Presuppositions of NLP
Otherwise known as convenient assumptions, things that it is generally good to assume. A Presupposition is a linguistic assumption.
These are the Presuppositions of NLP:
- Respect for the other persons model of the world.
- The meaning of the communication is not simply what you intend, but also the response that you get.
- The mind and body affect each other.
- People respond to their experience, not to reality itself. The map is not the territory.
- Every behaviour has a positive intention. Everyone is doing the best that they can with the resources they have available. People make the best choice they can at the time.
- Behaviour is geared towards adaptation.
- Accept the person; change the behaviour.
- Behaviour and change are to be evaluated in terms of context and ecology.
- People have all the resources that they need to make the changes that they want. We already have all the resources we need or we can create them. There are no unresourceful people, only unresourceful states.
- Possible in the world and possible for me is only a matter of how.
- The system (person) with the most flexibility (choices) of behaviour will have the most influence on the system.
- This is the Law of Requisite Variety
- There is no failure, only feedback.
- There are no resistant clients, only inflexible communicators.
- Having choice is better than not having choice. All procedures should be designed to increase choice and develop greater personal flexibility.
- All procedures should increase wholeness.
We have visually animated instruction to put all of these NLP Presuppositions into context and to show you how you may chose to adopt them in our NLP Training material. You can access this material online in our NLP online training centre.
Examples of NLP Presuppositions in use
Respect for the other persons model of the world
I recently stayed with my sister. She has a very different perspective on things to me, from her parenting style through to her attitude to food and waste.
Whereas in the past I may have been quite judgemental and tried to impose my views on her, since taking the NLP Practitioner training I have been able to step back, and respect her views and perspectives. I am also able to think about her ecology and “reach” her at her place not mine.
The meaning of communication is not simply what you intend, but also the response that you get
This presupposition has been with me a lot since my Practitioner training. As I have also been developing my business, I have been very aware of my communication style and the Rapport I build with people. I have also improved my written communications (especially social media posts) trying to really think about how others will receive the communication rather than on just what I want to say. Trying to concisely explain “what NLP is” was one of many challenges in this area and I feel that I’m seeing significant improvement.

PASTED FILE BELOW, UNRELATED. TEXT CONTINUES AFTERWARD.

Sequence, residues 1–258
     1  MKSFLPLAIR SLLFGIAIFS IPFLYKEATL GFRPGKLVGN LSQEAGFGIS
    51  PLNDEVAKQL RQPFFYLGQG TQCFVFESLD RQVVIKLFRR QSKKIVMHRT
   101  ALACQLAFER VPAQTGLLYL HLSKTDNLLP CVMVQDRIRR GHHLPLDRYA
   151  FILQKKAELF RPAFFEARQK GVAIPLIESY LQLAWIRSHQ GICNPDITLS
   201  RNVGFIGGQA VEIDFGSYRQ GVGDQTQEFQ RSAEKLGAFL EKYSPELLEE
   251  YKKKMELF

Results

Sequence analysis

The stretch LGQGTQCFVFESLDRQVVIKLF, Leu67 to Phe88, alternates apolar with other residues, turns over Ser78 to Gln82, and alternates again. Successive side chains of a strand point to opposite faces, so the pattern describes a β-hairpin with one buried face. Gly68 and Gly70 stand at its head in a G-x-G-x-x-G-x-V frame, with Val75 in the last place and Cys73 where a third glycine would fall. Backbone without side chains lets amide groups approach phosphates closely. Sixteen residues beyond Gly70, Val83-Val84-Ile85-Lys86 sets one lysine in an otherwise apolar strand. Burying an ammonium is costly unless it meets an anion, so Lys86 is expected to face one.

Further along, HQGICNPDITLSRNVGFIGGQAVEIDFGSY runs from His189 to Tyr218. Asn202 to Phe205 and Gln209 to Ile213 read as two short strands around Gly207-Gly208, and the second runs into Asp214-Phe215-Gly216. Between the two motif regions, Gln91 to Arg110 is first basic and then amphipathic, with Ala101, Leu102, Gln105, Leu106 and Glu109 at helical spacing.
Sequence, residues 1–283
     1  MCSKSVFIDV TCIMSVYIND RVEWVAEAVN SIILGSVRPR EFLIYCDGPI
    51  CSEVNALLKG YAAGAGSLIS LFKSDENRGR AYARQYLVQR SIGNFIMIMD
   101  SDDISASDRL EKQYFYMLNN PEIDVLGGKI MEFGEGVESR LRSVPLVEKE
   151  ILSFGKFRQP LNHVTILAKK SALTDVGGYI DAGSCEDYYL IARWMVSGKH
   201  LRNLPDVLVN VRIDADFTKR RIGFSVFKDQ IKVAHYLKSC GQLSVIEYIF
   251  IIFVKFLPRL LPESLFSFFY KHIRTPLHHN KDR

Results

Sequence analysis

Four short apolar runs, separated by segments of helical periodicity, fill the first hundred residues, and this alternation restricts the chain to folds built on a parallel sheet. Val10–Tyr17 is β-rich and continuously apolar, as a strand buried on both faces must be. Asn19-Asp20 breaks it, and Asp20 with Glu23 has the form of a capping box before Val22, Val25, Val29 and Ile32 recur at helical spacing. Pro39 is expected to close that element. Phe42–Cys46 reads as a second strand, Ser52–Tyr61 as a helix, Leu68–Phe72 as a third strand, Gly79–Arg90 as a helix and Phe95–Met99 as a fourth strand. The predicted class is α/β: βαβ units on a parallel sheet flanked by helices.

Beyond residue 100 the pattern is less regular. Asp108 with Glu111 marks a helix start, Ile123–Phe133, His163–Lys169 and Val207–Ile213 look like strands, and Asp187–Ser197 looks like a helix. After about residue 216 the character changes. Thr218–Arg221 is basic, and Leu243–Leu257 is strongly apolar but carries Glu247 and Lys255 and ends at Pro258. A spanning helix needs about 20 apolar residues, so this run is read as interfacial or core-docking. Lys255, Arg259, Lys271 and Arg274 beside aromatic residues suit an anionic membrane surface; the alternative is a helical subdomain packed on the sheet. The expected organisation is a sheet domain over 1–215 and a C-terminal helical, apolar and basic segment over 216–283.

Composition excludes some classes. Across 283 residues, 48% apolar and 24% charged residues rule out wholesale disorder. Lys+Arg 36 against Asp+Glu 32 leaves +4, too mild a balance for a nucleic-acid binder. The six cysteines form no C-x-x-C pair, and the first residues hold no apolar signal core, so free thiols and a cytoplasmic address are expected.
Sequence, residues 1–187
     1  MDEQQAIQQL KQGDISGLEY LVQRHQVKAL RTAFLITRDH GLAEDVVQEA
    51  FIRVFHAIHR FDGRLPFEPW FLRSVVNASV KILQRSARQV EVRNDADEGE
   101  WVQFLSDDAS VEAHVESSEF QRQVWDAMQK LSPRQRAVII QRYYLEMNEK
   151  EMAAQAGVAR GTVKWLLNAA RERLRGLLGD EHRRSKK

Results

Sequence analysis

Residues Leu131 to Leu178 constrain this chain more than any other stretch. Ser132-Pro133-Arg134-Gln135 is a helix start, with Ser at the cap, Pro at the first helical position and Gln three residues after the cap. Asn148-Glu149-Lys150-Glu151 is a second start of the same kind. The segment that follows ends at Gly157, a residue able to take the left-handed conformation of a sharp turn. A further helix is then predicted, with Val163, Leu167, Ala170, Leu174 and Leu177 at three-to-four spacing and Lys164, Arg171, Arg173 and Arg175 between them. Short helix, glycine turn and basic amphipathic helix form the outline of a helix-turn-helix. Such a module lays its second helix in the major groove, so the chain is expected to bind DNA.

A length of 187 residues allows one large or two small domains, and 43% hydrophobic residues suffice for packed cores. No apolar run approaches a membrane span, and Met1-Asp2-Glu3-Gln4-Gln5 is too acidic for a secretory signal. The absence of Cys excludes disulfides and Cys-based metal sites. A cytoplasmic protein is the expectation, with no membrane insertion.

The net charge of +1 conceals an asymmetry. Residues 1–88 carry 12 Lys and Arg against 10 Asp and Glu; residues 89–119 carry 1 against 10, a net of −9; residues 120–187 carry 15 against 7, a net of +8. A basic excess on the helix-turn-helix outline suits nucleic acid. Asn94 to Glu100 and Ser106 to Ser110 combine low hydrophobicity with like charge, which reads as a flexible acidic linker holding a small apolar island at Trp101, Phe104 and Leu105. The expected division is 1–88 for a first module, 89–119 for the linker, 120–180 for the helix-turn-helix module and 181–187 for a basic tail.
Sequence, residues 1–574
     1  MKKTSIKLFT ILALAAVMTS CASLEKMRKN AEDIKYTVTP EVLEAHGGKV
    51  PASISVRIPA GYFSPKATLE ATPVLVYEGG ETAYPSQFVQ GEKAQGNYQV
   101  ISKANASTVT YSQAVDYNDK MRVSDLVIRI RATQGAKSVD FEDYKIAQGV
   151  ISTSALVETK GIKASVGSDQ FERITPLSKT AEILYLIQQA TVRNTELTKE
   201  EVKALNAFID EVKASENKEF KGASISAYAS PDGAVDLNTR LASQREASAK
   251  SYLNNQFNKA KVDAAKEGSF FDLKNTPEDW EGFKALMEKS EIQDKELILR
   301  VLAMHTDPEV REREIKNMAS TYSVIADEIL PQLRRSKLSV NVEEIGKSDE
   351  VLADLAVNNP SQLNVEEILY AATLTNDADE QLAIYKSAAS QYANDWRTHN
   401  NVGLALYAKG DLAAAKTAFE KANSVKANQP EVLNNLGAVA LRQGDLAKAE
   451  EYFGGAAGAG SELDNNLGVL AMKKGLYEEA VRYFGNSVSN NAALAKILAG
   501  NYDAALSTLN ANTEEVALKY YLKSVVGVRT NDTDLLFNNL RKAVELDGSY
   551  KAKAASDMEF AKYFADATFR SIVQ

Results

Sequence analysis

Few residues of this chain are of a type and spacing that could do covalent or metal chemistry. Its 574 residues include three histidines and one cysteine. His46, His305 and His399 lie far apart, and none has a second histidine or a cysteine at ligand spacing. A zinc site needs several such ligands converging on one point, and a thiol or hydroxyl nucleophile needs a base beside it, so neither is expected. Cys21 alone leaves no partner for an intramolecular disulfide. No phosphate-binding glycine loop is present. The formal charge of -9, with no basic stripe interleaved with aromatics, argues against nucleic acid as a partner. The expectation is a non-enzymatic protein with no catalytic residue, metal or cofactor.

The mind and body affect each other
I always knew my mind and body work as one, but since the Practitioner training I have been more self-aware and attuned to my own body changes. For example before I give a presentation I always suffer from nerve sweats beforehand. I also get a dry mouth and it can feel like a forget to breath, I sometimes run out of breath mid-sentence and have to take a big gulp.
Being more aware of this on a conscious level helps me to be more accepting and take control. I give myself some calm time before a stressful situation which has really helped.
Since the practitioner training, I have also developed heightened awareness of others and am able to notice their unconscious ticks and idiosyncrasies which has also helped with my communication and rapport building.
During a 1-2-1 at work with a member of my development team, the topic of health came up. My colleague said that he often felt tired and had little energy.
He said he’d been to see his GP, who, after running a few tests, declared there was nothing medically wrong.
However, he was still suffering and said he just felt exhausted from the moment he woke every morning.
I asked him what sort of thoughts he had when he woke up every day?
My colleague has a young family and both he and his partner have full-time jobs, so they lead a very busy life and, in his words, mornings are a complete nightmare of trying to make sure everyone is fed, dressed and out the door in time to get to school and work. So, he admitted his first thoughts when waking were usually, “Oh great! Another day of stress!”, “I’m so tired, I don’t know how I’ll get through the day”, “I ache all over, I’m sure I’m coming down with something.”
I explained the impact our self-talk has on our physical bodies and how the unconscious mind accepts, without question, whatever instructions it receives. So if it is constantly told, “I’m tired, I’ve got no energy”, that’s exactly what it will manifest in the physical body.